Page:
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Discussion in 'General breed discussions & FAQ' started by sweeterdeeter42, May 16, 2011.
Where can I find the combinations/genetic chart for silkie colors? Is there one online I can find?
I have read over some stuff I found online I will share with you.
Oh my gosh that was way more than I can understand! haha. I guess I should just ask outright what I want to know, because I really didnt understand much of what those sites said. I have a splash roo and a white hen and a black "hen". What will I get if I cross my splash roo with my white hen? I know with the splash and the black I will get b/b/s chicks. And what would I get if my black hen ends up being a roo and I cross him with my white hen?
Please use simple words, I never took any advanced biology classes so I dont quite get all of the genetics terminology.
I don't think you can take all of that to the bank for what absolutely will happen. I noticed that combining white with black will produce white. Not in my case, it produced black.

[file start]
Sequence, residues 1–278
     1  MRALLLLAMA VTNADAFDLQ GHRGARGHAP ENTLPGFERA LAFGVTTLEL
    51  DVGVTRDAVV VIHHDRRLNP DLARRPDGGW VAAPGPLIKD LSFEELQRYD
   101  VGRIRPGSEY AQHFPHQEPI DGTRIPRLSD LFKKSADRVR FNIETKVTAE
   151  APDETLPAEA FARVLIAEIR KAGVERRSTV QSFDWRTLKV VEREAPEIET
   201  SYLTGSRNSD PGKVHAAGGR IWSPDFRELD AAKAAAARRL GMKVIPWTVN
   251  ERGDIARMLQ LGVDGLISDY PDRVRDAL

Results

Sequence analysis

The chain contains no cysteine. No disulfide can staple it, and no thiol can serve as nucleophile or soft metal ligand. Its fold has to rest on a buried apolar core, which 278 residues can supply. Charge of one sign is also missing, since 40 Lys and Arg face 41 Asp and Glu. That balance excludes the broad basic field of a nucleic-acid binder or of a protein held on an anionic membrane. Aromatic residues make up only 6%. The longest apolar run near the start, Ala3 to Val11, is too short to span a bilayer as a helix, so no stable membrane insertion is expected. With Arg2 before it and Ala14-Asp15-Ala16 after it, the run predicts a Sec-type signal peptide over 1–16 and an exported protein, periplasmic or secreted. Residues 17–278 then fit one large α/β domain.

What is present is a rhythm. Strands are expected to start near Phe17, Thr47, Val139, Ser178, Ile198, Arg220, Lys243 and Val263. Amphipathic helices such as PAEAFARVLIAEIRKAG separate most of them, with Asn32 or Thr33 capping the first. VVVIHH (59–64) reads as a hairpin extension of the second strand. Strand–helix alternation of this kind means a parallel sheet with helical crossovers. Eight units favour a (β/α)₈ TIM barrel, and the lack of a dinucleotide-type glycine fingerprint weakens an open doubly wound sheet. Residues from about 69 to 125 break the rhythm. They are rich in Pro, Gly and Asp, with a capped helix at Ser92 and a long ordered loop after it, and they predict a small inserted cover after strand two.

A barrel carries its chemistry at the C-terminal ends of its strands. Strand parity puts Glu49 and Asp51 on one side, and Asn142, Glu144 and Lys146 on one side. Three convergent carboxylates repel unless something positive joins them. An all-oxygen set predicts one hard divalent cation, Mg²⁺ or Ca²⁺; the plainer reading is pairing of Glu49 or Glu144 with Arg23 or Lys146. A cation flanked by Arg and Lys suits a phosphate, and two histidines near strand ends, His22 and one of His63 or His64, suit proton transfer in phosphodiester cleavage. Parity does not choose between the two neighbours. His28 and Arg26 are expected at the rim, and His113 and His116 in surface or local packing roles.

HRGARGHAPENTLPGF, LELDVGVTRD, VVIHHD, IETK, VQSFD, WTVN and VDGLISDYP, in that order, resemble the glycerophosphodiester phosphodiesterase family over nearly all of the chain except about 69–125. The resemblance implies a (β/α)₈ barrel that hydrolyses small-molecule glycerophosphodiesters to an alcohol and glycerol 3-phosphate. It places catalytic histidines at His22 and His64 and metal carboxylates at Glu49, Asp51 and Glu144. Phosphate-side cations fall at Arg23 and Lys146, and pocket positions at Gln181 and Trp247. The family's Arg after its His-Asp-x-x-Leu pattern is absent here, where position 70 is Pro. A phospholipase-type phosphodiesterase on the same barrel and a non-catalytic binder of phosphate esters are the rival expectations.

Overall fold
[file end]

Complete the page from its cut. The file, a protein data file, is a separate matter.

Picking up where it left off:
I have gotten gray chicks from white/black matings.
Every white can be genetically different. The question you are asking is somthing along the lines of what kind of stew will I have if I add a random can from the pantry. If that random can is carrots or corn or some other sort of vegetable, it may mix well with the stwe, but if it is cherries or peaches,you will have a mighty strange stew.
So with white it is just a shot in the dark as to what they will throw unless you know the genetic makeup of every bird in the lines that created that specific white bird?
Quote:exactly; but if any ancestors of unknown background were brought in (as is usual), that completely throws of the "known background."
So any idea what a white rooster and a buff hen woudl produce? So if white is a dominant color, if I have a white pair, (not knowing background) they should always produce white chicks?
The usual white is silkies is recessive. Yes, there is also a dominant white gene, but it is not at all common in silkies. Please read my earlier post. THere is no answer to white X buff. Regardless of dominant or recessive, white X white should always produce white.
Edited to add: on the very unlikely assumption that one is dominant white and the other recessive white, their chicks will not be completely white. Any red/gold pigment inherited from either parent will display; black pigment will not display.